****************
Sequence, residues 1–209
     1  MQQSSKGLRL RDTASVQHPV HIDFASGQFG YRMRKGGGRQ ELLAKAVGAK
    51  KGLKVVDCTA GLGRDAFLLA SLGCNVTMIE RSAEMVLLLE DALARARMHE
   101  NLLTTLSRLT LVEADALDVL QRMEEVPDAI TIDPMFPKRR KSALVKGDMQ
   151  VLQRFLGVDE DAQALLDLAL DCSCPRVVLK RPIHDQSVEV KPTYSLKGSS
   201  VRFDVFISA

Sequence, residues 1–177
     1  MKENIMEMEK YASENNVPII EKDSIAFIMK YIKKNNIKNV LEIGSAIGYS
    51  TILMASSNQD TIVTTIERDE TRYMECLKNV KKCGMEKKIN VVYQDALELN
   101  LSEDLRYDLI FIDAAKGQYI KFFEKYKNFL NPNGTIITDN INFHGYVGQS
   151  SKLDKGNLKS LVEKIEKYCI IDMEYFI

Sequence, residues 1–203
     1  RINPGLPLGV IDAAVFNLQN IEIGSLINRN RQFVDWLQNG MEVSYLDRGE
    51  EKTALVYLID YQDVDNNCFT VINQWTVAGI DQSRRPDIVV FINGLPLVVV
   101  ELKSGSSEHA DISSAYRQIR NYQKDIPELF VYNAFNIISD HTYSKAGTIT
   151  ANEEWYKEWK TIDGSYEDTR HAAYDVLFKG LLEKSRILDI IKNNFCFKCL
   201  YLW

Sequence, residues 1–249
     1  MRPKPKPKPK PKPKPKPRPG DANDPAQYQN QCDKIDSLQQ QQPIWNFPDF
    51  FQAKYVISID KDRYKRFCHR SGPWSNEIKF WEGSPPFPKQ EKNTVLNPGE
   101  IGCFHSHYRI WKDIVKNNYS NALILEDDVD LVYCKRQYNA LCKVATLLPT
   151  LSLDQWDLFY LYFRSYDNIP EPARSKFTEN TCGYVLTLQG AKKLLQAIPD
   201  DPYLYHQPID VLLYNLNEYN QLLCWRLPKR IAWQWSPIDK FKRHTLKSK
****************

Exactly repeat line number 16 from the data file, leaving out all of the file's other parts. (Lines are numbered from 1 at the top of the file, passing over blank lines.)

   151  ANEEWYKEWK TIDGSYEDTR HAAYDVLFKG LLEKSRILDI IKNNFCFKCL